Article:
FedEx: Part 1. Tour of the FedEx Worldwide Parcel Sort Center

Original author: Daniel Terdiman
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Memphis, Tennessee. Signal lightning flashes, indicating that today sorting will start late ...
Caution, a lot of photos!

Blue signal lights do not turn on very often. They blink only when lightning is detected within a radius of 3 miles from Memphis National Airport, and when they turn on, all work stops. Personnel must not be allowed to enter the gangway surrounded by metal structures when a thunderstorm rages around:

I am sitting inside a white FedEx suburban bus with heavy rain rustling behind its walls and thunder. For me, this unexpected delay is just a minor inconvenience, and for thousands of employees at the FedEx World Hub this is a big problem. Hundreds of thousands of parcels from 140 arriving aircraft must be sorted, but for now, things are not moving.

Boeing 777 is awaiting unloading.

As part of a CNET road trip, I arrived in Memphis with a population of 655,000 in southwestern Tennessee to visit the FedEx core. The first stopping point was the parcel packaging laboratoryand today my goal is the World Sorting Center, the largest express distribution center, a massive structure that processes from 1.3 to 1.5 million parcels per night.

Finally, the storm subsides and the signal lights turn off. Now you can start work. Since the storm began just shortly before the night shift began at 23:00, hundreds of employees who were supposed to scurry back and forth, moving the parcels, were forced to wait for the moment when it would be possible to begin work. When I entered the secured sector - consider it a simplified version of the airport checkpoint - several hundred FedEx employees stood in line, eagerly awaiting screening, to finally get to their workplaces.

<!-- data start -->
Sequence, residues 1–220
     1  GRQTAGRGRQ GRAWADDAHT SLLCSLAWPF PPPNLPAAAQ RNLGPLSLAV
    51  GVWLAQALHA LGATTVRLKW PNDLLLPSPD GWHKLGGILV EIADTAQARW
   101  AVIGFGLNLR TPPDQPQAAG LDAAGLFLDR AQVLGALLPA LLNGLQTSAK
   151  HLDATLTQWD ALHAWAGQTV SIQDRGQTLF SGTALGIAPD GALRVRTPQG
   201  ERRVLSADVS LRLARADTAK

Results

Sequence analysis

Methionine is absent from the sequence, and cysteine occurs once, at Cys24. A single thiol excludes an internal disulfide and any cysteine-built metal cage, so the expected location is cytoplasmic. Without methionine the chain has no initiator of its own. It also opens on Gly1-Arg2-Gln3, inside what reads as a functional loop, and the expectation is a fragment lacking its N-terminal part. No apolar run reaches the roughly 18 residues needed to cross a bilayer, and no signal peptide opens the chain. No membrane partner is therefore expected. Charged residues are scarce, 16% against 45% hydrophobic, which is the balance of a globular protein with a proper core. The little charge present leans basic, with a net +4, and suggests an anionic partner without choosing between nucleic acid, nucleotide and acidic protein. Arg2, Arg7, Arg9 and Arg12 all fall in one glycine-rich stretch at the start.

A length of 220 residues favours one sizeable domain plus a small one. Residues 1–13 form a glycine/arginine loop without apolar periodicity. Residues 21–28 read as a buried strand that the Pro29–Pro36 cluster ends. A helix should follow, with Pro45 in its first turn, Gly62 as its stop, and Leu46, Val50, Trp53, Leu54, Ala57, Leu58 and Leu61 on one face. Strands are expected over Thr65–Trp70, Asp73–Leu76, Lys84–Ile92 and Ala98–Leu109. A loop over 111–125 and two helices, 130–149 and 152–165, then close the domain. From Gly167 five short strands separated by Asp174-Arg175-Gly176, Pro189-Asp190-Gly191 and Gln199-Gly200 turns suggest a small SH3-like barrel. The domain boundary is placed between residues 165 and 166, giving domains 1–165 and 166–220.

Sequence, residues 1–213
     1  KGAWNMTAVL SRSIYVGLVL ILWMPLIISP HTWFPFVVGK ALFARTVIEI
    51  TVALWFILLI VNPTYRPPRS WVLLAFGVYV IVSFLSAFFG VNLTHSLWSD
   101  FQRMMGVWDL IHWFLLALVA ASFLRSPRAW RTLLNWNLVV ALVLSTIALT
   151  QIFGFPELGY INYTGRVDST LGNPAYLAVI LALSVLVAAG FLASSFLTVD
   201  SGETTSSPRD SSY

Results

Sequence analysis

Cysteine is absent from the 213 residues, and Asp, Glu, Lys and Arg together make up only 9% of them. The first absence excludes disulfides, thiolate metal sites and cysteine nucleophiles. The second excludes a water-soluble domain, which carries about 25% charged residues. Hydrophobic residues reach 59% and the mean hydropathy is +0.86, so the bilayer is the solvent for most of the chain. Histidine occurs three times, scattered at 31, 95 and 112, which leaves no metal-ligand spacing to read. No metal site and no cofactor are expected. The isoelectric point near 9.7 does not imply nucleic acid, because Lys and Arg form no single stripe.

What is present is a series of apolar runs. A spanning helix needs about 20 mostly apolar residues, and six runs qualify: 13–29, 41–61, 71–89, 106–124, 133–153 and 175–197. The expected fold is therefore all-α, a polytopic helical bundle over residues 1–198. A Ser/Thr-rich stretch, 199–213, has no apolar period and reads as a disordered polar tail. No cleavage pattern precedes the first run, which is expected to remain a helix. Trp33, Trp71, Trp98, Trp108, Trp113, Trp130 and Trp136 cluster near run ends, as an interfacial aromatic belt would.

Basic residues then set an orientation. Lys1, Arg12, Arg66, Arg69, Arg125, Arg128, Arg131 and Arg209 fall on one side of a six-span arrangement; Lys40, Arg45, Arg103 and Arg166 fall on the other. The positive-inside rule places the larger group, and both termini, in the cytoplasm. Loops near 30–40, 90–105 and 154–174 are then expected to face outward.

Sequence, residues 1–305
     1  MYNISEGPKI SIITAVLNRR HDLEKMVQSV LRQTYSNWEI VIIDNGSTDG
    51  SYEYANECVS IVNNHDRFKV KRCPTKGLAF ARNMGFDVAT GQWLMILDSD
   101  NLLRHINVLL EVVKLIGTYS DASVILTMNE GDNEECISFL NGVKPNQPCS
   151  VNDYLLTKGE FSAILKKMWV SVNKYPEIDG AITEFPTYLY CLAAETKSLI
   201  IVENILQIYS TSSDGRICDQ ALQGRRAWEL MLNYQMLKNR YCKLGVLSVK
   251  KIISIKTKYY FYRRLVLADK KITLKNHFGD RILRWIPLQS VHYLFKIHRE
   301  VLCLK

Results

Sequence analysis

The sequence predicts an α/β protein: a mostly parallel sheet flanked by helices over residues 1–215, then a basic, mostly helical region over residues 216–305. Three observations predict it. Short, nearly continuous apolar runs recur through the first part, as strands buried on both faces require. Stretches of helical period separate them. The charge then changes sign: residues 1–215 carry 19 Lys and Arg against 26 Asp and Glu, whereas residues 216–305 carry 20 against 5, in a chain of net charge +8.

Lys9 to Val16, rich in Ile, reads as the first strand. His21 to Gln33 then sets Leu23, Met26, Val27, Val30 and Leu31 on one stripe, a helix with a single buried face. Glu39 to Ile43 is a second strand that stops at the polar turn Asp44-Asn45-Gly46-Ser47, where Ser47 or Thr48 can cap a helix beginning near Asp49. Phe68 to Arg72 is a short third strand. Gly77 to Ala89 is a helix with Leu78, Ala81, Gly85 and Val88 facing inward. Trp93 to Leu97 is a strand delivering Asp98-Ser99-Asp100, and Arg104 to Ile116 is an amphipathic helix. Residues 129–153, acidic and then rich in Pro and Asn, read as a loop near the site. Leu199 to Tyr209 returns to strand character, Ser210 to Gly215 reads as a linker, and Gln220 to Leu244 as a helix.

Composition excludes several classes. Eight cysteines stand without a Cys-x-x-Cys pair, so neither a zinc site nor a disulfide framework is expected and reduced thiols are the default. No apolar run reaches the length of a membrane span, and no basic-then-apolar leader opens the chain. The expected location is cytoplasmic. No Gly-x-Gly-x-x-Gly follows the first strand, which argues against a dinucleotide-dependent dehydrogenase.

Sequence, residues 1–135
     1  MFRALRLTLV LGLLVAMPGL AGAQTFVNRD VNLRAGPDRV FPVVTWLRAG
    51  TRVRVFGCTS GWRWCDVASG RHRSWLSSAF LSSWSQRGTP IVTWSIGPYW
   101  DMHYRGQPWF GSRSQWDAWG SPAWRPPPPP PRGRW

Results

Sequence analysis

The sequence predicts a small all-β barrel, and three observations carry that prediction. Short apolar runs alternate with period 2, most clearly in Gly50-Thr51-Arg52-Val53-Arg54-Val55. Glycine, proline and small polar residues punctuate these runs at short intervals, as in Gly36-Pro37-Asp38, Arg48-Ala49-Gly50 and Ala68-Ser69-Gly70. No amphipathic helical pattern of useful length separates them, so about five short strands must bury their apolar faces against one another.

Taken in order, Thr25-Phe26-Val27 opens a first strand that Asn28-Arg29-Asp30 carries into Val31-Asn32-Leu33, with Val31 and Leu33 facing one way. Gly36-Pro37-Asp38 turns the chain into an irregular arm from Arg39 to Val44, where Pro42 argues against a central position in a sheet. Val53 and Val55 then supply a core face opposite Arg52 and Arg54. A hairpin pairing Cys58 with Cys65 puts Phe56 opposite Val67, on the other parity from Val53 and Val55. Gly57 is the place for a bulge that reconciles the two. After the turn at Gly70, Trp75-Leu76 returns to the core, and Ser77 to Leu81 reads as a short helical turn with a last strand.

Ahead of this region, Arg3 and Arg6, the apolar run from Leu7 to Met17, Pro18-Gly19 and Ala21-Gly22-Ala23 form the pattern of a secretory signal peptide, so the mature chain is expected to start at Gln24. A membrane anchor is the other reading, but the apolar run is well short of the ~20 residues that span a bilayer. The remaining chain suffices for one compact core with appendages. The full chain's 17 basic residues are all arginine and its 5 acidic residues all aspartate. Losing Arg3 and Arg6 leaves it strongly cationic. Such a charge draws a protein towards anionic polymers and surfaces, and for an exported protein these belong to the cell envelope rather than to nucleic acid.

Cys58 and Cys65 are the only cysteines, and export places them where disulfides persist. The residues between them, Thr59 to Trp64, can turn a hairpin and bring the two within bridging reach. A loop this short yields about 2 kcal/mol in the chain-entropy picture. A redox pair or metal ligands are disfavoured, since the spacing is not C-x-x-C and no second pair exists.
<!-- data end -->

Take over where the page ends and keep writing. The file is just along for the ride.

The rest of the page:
180,000 per hour

Meanwhile, night sorting at the World Center is an impressive operation. 180,000 packages per hour go through the sorting center until the latest is processed.

It works like this: every evening about 140 FedEx planes arrive in Memphis from all over the world - the company serves planes of 375 airports from 220 countries - loaded with parcels that must be sorted and sent by the same planes to their destination. After unloading, the parcels go through one of the 9 input sectors, and then they go to the Matrix, where the first line of employees checks that the parcels are correctly placed on the conveyor so that barcode scanners can read any side of the parcel except on which the package is on the conveyor.
After entering the Matrix, parcels move along the conveyor further into the structure, first passing a scanner that reads the parcel barcode. Depending on this information, the parcels are delivered to one of 19 automatic dispensers, after which they are sent to the secondary sorting sector, and then to the “Exit”, where they are re-packed in containers and again onto the plane.

“140 arrived, 140 flew away”

The FedEx World Center in Memphis is the largest of the 12 centers performing nightly sorting of packages and letters on the company's global network. The rest are scattered throughout the country and around the world in places like Indianapolis, Dallas, Miami, Toronto, Auckland (California) and Tokyo.

In total, FedEx processes about 4 million express (air) shipments per night, and 10 million shipments in total, including ground. But the World Center is the heart of the whole operation, and FedEx claims to be the largest sorting center in the world.

Every night, 7,000 employees go to work to sort out 1.3-1.5 million express shifts per shift. The daily shift, consisting of 3,500 employees, processes only about 650,000 parcels with a delivery time of 2 and 3 days.

Commercial flights to Memphis cease to land at 9:30 p.m., and from now on only FedEx planes land. On a good night, when the signal lights do not turn on due to a thunderstorm, FedEx aircraft line up for landing from 10:30 p.m. and continue boarding one after another until about 1:00 a.m.:

The goal is for the latest package to reach the entrance into the sorting zone by 2:07. By 2:30 a.m., the first “outgoing” planes begin to leave the sorting zone exit and by 4:30 a.m. all planes leave Memphis. According to Rick Armstrong, coordinator of the World Center tour, “140 arrived, 140 flew away.”